The French House in Soho’s Dean Street has never been the innocent pawn. Even as The York Minster it was known as “The French” because it was a covert HQ for the exiled free French in World War Two. It then became the fiefdom of Gaston, the Belgian owner’s son, born above the shop, who mounted his own resistance – this time to brewers, in defence of his customers’ predilection for pastis and vin ordinaire. To this day, long after his passing, beer is still only served in half pints, except on April Fool’s Day when Suggs from Madness will pull you a full pint for charity. The fear is that Gaston will descend the wooden stairs bellowing “Liberté, fraternité, mon derrière! Where’s the Côtes du Rhone?”
The French has impressive history. Francis Bacon, Lucian Freud and London’s art aristocracy gathered to gossip at the southern end of the bar – and Gaston, normally the epitome of moustachioed Gallic charm, would burn a steely gaze into the very soul of any wandering miscreants who foolishly tried to invade their space. The French became a vegetarian’s nightmare when Fergus Henderson dreamt up the earliest scratchings of his nose-to-tail cooking upstairs. I myself have been held captive there for hours on end, prevented from leaving against my will by the combined forces of Hugel Gewürztraminer – a strong character who comes across all sweet but who actually punches above her weight – and Réserve du Patron, a red devil not to be trusted.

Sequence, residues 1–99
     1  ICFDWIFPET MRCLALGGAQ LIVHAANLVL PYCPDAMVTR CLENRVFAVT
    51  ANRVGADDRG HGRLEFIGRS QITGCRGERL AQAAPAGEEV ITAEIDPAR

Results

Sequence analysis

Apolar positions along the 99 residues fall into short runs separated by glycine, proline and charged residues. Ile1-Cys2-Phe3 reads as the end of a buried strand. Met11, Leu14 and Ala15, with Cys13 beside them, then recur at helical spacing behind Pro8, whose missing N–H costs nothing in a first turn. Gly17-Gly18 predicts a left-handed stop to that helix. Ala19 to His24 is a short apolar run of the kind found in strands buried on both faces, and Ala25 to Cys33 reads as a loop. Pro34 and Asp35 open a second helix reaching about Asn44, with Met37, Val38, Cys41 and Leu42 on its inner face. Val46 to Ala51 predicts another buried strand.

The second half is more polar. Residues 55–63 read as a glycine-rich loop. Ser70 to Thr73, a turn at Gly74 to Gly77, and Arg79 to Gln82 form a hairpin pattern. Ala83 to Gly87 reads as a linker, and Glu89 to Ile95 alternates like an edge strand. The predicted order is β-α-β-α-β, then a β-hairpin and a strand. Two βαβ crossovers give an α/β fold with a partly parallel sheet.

So it seemed an appropriate choice of venue to meet The Man From North Korea.
We made vague plans about visiting but of course events have rather overtaken us, what with there being tanks parked on lawns, missiles lined up along borders, and the rhetoric of aggression reaching all the way up to 11
Not long before Kim Jong-un declared a state of war on all and sundry, the go-to guy for tourism in the Democratic People’s Republic of Korea (that’s North Korea to you and me, folks) was in town and wanted to talk to people about, oh, tourism.
I checked with various individuals who’d been to North Korea, not having been myself. All gave favourable, if slightly wacky, reports; one recent visitor in particular enthused unprompted and declared it the best place she’d ever been. Tourism people are a bit like that. Never mind the headlines, what’s the thread count? Is there a beach? A Vice film on labour camps helped balance things a little.
The French on a Monday lunchtime is a kind of straggly, knotted-scarf type of place. Half the clientele are on their way outside for a rollup, the other half muse over the Times crossword. It’s different at weekends, when the joint jumps, but rarely is it the haunt of tall, formally-dressed oriental businessmen carrying briefcases. Mr Kim smiled and chatted, clearly unaccustomed to such louche surroundings, and asked as many questions as he gave answers. I got the impression that The French was going to be the subject of colourful conversation back home in Pyongyang.